Last spring, Dr. Podolefsky introduced a new institutional crest to better align campus identity, revealing a bold mark that embodies Buffalo State’s academic mission and dedication to excellence. Howard Reid, chair of the College Senate at Buffalo State, said, “On behalf of all of Dr. Podolefsky’s colleagues at Buffalo State, and particularly the faculty, staff, and students who had the opportunity to work with Aaron on the College Senate, I want to express our great sadness on learning of his passing.  In only a short time he went from being our new ‘head administrator with an office on the top floor of Grover Cleveland (Hall), to being recognized as a vibrant leader of this college’s diverse community.”  Reid added, “In his too brief time as our president, Aaron made numerous significant contributions.  However, for his many friends at the college, what will be most sorely missed will be his more personal qualities, which everyone will agree included openness, support, energy, kindness, and his upbeat attitude.” 

From 2005 to 2010, Dr. Podolefsky was president and professor of anthropology at the University of Central Missouri, where he raised the university’s academic profile, initiated strategic and master planning efforts, cultivated mutually enriching campus-community partnerships, enhanced regional economic development, and launched landmark energy savings and sustainability initiatives. Dr. Podolefsky previously served as provost and vice president for academic affairs (1998–2005) and dean of the College of Social and Behavioral Sciences (1990–1998) at the University of Northern Iowa.  He also taught and served as department head in Western Kentucky University’s Department of Sociology, Anthropology, and Social Work (1986–1990).  Prior to this, he was associate chair and tenured associate professor of anthropology at West Virginia University (1979–1986), and was a research associate for the Center for Urban Affairs and Policy Research at Northwestern University (1978–1979). He was a three-time graduate of Stony Brook University, earning master’s degrees in liberal studies (’73) and anthropology (’76) and a doctorate with distinction in anthropology (’78).  Dr. Podolefsky also held a bachelor’s degree in mathematics from San José State University (’68). He was the author of numerous scholarly works, including books, textbooks, and articles.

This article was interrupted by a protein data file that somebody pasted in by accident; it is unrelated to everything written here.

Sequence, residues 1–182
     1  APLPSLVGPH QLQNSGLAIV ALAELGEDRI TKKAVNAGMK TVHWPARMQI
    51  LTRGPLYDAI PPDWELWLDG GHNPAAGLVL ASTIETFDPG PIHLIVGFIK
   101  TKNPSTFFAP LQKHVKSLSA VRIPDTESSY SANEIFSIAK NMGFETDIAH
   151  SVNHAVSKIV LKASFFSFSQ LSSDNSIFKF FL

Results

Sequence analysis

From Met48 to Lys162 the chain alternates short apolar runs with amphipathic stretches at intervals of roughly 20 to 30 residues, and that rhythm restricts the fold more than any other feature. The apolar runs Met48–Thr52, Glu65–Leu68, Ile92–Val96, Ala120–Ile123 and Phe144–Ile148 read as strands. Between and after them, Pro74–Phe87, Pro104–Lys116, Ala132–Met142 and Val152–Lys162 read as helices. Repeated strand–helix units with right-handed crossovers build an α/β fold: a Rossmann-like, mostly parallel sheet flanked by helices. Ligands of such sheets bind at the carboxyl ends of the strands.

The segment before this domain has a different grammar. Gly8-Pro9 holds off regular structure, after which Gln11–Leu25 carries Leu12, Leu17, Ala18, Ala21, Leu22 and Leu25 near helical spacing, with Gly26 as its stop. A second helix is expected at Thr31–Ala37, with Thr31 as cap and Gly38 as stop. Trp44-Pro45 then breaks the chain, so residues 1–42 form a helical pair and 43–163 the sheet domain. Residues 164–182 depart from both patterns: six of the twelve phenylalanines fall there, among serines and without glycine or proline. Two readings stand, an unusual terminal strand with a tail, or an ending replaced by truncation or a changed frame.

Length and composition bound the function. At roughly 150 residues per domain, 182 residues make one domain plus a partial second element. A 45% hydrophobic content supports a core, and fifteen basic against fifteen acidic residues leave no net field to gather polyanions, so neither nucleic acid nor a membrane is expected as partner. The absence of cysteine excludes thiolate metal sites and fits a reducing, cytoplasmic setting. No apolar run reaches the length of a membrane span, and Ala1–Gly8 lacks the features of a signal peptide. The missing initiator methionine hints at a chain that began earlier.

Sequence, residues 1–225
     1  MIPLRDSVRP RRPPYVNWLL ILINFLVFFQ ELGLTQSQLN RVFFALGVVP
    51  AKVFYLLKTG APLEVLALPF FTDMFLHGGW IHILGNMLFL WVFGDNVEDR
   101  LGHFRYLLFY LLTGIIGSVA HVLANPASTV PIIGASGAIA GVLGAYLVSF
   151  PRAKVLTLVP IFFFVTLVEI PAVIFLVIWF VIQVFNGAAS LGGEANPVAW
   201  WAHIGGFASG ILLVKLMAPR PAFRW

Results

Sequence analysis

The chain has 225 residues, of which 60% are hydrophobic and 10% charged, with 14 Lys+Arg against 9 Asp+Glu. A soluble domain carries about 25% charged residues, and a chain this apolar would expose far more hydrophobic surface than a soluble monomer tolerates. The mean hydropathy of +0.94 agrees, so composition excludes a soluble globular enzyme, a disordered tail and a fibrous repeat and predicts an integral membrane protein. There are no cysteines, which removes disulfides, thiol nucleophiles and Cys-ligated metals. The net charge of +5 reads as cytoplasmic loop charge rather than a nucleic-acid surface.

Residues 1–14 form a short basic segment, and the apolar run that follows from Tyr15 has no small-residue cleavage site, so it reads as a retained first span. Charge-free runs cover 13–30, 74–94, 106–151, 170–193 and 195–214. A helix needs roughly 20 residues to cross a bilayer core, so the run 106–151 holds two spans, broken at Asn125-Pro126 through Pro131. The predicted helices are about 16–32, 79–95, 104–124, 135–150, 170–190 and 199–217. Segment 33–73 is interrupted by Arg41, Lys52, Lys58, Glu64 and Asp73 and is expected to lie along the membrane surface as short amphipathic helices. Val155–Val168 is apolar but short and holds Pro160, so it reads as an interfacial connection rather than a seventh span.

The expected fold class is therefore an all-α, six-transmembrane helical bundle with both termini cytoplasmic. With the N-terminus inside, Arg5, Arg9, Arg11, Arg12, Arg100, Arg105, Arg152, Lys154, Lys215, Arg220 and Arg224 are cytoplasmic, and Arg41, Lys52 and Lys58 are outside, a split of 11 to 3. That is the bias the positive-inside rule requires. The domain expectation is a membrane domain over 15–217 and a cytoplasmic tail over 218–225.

Dr. Podolefsky was a fellow of the American Anthropological Association, elected by the organization’s executive committee in recognition of his significant contributions to the field of anthropology.  His graduate field studies in anthropology took him and his family to the highlands of Papua New Guinea in the 1970s, an experience he oftentimes fondly recalled.

Dr. Podolefsky, who was beloved for his collegial and inquisitive personality, is survived by his devoted wife, Ronnie, and his two sons, Noah (Molly) and Isaac (Laura).  He also leaves behind the “first dogs” of Buffalo State, Harry, Mishka, and the newly-adopted Cannoli.  Funeral services are pending.   A memorial service for the campus community will be held this fall.   Details will be announced at a later date. If so desired, the family asks for individuals to commit to actions that speak to Dr. Podolefsky’s values and continue his legacy. From a news release, Buffalo State University, August 9, 2013